Microservices architecture has gaining increasing popularity over the past several years as a way to build scalable and maintainable applications. The key idea behind microservices is to break large, complex software systems into smaller, independent services that can be developed, deployed and scaled independently. In this blog post, we’ll take a look at how to build microservices with .NET.
What are Microservices?
Microservice architecture is a style of building distributed systems that focus on breaking applications down into extremely small, independent services. Each service runs its unique process and communicates through a well-defined, lightweight mechanism like an API, usually over HTTP. These services are built and deployed independently and can be written in different programming languages.
Some key characteristics of microservices include:
- Highly Maintainable and Testable: Each service is small enough to be managed by a small team focused on that service. This makes them easier to maintain and test.
- Loosely Coupled: Services are independent, with little to no knowledge of other services. This allows for more flexibility.
- Independently Deployable: Services can be deployed independently without coordination between teams. This allows for more rapid deployment of updates.
- Organized Around Business Capabilities: Services are centred around specific business capabilities vs technical capabilities. This aligns better with how businesses operate.
- Decentralized Data Management: Each service manages its own database and data persistence. This reduces dependencies and bottlenecks.
- Infrastructure Automation: Automated infrastructure through technologies like containerization is leveraged for easy deployment and scaling.
Why Use Microservices?
There are several key motivations for building applications with microservices instead of traditional, monolithic architectures:
- Agility: It’s much easier to iterate and deploy new pieces of an application independently. This allows you to respond faster to dynamically changing business requirements.
- Scalability: Each service can scale independently to meet demand. This eliminates bottlenecks and enables cost optimization.
- Resiliency Issues: One service has minimal impact on the availability of other services. This improves overall uptime and reliability.
- Maintainability: Smaller codebases and teams make it easier to maintain quality code over time. This reduces technical debt and makes evolving the system easier over time.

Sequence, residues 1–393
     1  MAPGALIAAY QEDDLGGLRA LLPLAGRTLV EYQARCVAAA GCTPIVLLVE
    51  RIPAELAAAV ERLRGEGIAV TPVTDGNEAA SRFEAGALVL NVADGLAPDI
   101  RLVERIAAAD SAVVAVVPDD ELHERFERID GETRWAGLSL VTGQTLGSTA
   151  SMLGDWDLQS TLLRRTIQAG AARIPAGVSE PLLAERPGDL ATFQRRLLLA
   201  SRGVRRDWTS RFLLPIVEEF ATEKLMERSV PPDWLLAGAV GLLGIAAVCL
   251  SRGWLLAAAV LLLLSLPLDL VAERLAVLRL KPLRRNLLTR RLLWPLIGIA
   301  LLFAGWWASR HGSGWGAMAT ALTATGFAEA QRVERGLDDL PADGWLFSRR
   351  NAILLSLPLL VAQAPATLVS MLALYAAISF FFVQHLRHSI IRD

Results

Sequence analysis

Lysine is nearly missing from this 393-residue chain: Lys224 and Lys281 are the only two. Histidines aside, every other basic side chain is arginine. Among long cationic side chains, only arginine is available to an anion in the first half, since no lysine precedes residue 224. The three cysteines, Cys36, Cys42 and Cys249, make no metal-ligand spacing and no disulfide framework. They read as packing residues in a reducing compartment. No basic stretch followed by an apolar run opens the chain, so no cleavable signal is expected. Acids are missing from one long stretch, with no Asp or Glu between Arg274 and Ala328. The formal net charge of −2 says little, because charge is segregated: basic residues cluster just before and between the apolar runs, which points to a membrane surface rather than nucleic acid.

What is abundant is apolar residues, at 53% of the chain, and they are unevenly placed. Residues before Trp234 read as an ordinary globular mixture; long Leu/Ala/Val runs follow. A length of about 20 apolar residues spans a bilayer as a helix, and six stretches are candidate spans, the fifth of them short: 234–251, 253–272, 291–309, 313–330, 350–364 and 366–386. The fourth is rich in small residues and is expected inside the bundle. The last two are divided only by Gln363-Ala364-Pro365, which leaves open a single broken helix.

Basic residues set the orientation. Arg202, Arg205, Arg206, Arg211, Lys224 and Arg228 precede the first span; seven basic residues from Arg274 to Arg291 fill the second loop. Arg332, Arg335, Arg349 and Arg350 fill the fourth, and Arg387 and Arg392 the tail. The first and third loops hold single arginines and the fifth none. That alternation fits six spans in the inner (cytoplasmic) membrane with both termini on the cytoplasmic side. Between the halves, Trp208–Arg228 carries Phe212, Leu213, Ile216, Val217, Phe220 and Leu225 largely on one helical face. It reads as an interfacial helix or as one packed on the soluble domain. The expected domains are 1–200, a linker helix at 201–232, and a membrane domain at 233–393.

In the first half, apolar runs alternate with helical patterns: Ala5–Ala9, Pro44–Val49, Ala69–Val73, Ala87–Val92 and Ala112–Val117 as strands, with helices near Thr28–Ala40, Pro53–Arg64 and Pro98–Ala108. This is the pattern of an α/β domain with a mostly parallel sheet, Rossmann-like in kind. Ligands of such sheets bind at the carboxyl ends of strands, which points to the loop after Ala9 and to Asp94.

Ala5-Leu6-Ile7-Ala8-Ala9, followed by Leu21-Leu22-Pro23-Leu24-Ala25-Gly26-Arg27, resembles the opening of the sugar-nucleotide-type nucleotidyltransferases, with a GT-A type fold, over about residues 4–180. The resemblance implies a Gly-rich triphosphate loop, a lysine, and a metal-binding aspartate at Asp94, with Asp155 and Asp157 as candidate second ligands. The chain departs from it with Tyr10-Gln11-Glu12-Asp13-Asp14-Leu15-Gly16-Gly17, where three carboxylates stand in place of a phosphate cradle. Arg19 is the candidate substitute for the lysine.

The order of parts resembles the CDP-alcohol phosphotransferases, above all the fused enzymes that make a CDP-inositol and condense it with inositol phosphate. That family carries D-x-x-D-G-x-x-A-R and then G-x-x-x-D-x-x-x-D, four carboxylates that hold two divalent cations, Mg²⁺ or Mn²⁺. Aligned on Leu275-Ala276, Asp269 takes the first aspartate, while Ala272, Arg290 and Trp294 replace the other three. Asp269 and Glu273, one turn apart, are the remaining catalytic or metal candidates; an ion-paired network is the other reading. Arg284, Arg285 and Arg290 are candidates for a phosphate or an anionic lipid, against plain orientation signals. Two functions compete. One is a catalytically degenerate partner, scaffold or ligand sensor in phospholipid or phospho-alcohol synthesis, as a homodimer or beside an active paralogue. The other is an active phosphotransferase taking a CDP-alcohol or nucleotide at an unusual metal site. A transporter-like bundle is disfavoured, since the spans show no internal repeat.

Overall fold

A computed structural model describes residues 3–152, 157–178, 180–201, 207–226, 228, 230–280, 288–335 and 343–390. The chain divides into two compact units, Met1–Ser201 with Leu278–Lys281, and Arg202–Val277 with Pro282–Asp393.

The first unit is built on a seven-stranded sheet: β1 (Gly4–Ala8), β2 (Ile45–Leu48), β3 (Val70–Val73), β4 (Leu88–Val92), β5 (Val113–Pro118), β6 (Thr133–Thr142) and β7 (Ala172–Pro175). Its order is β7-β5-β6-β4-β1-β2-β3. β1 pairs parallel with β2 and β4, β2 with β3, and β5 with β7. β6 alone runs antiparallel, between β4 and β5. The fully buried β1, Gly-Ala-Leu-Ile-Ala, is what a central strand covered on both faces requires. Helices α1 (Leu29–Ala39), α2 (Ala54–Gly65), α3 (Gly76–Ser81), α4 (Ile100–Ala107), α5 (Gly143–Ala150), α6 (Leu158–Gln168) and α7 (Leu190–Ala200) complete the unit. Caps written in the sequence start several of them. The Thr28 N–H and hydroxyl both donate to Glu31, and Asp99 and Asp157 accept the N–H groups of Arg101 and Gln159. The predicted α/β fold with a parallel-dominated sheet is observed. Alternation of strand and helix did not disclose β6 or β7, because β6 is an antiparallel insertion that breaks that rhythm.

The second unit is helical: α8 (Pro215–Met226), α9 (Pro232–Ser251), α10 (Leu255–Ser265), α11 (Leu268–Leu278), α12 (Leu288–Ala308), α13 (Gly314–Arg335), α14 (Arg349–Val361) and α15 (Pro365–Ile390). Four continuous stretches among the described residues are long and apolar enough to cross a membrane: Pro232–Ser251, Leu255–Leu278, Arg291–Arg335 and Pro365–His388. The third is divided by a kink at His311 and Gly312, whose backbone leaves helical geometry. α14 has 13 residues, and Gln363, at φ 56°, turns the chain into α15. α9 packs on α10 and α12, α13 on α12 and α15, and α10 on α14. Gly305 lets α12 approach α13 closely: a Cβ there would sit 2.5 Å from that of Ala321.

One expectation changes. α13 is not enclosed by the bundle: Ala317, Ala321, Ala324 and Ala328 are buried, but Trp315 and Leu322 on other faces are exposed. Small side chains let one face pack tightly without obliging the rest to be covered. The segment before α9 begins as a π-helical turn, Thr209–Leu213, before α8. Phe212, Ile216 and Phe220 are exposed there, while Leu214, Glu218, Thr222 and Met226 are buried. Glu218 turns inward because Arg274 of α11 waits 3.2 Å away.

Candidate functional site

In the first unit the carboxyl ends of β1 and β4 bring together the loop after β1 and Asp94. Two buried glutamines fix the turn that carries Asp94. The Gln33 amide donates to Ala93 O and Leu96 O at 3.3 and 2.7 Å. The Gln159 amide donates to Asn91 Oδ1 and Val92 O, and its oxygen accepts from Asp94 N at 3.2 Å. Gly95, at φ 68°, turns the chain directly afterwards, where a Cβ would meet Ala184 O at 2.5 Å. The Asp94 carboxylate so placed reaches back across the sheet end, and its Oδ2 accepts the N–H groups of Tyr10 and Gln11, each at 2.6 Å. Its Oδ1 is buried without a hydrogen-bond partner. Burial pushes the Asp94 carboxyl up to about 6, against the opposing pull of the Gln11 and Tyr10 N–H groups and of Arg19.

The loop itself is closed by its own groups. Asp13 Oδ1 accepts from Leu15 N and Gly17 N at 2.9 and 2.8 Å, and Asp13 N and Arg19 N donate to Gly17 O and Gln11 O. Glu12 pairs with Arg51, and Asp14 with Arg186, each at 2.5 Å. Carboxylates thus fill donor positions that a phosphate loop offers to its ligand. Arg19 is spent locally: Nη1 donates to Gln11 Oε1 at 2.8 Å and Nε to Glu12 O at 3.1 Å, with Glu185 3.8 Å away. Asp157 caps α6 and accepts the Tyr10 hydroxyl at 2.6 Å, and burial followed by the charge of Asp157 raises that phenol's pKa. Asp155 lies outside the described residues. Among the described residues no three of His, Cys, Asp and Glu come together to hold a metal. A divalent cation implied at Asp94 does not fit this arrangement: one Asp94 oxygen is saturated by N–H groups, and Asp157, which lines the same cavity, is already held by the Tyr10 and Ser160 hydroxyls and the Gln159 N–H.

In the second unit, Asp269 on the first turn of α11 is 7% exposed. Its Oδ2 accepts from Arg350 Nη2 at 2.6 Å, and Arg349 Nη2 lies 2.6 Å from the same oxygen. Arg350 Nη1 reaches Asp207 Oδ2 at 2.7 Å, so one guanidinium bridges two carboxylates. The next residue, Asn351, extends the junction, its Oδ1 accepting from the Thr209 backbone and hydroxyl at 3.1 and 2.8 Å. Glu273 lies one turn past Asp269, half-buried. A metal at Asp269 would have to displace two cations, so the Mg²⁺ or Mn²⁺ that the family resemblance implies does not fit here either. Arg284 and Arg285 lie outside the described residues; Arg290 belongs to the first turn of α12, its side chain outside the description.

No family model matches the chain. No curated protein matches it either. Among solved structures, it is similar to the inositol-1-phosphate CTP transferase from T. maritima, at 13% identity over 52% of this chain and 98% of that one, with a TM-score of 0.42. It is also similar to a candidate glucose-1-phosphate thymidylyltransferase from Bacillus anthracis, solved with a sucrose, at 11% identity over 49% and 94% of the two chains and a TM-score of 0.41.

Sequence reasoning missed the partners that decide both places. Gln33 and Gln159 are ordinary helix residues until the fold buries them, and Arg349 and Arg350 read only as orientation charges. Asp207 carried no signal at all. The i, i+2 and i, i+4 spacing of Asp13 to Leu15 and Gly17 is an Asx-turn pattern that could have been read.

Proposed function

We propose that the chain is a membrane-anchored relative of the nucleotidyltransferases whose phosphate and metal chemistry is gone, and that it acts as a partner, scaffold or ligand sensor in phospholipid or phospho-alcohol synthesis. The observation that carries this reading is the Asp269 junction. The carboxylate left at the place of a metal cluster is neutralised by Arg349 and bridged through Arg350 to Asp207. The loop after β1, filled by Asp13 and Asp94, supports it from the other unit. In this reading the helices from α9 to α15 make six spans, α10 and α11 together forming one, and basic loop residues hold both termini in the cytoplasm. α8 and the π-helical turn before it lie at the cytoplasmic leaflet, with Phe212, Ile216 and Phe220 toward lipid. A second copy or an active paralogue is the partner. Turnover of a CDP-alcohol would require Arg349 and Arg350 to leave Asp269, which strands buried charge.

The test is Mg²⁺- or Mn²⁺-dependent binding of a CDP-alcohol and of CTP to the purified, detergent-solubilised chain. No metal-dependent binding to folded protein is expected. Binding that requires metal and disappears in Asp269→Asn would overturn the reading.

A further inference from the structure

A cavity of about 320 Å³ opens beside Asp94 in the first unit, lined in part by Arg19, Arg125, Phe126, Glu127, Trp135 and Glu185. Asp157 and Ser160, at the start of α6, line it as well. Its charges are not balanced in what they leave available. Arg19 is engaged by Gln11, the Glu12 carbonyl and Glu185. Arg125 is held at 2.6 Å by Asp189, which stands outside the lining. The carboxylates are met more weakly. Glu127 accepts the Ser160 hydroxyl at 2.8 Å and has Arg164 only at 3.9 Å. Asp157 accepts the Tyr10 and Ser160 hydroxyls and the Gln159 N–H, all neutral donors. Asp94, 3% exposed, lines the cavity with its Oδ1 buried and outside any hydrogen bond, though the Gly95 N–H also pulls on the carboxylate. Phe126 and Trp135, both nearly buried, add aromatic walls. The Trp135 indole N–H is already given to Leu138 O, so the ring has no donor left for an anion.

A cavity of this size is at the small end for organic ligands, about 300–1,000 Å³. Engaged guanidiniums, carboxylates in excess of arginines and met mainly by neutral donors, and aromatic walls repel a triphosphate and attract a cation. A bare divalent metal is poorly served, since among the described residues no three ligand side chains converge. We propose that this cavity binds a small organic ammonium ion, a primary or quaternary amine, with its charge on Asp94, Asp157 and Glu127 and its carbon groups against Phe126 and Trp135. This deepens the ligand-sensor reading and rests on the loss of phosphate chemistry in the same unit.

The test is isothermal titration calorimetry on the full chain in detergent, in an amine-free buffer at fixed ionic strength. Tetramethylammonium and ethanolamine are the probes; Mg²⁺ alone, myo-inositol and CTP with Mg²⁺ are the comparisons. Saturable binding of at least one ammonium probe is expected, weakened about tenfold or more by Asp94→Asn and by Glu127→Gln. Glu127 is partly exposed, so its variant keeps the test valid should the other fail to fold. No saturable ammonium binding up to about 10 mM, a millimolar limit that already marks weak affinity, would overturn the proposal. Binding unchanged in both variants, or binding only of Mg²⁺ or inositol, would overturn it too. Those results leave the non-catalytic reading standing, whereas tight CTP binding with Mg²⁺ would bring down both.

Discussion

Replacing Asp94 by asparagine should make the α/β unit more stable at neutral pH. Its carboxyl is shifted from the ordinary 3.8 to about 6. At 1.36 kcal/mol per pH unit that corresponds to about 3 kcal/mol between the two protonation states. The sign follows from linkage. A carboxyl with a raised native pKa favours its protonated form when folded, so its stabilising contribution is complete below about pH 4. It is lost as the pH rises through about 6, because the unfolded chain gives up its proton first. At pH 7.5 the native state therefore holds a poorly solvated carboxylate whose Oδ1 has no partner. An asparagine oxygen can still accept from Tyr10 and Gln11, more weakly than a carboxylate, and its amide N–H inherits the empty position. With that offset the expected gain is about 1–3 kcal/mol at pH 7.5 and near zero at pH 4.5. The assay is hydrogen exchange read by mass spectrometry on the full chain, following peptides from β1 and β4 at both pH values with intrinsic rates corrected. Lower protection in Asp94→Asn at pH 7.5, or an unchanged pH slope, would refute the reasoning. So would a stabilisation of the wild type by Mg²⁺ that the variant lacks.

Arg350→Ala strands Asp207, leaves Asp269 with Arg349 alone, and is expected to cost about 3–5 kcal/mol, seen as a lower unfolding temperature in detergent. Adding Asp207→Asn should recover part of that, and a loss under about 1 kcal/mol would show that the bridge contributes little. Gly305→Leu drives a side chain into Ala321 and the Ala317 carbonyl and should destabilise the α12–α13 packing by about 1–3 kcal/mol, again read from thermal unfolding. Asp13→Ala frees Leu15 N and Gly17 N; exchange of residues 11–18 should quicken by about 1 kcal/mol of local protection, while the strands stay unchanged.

- Productivity: Parallel development by multiple teams is much easier. Smaller teams allow you to get more work done faster.
- Reusability: Common capabilities get refactored into reusable services that can be leveraged across products and teams.
- Interoperability: Microservices developed in different languages can still interact through common APIs. This prevents vendor or technology lock-in.
Challenges with Microservices
While microservices provide many benefits, there are also notable challenges to consider:
- Complexity: Many simple services are more complex to manage end-to-end than one monolithic app. Additional tooling and processes are required.
- Network Overhead: Lots of small, chatty services can add substantial network overhead vs one monolith. Caching and asynchronous messaging can offset this.
- Data Consistency: Managing data consistency across services is challenging, especially for complex business transactions.
- Testing: Testing inter-service communication and dependencies requires more sophisticated end-to-end testing practices.
- Deployment Orchestration: Deploying updates across multiple services requires orchestration and can slow down release cycles.
- Operational Complexity: Operating and monitoring many services with dispersed logs and metrics introduces operational overhead.
Microservices vs Monoliths
There are good reasons to build either monolithic applications or microservices apps. Microservices work better for large, complex applications and product-based companies. Monoliths can sometimes be easier to build and manage for smaller, simpler scenarios.
Benefits of Following the Monolithic Framework
- Simpler to develop
- Easy to deploy
- Straightforward data management
- Testing is simpler
- Better performance
Benefits of using Microservices Architecture
- Agility and maintainability
- Decoupled team process
- Technology heterogeneity
The decision depends ultimately on your specific goals, priorities and tradeoffs. Both architectures have their appropriate use cases.
Microservices Communication and APIs
In order for independent microservices to work together as a system, they need to communicate with each other. The most common approach is to expose APIs (Application Programming Interfaces) over HTTP that each service can call to integrate with other services. Common patterns include:
- REST APIs: These leverage HTTP methods to expose CRUD operations on resources. REST is popular for public APIs due to wide tooling support.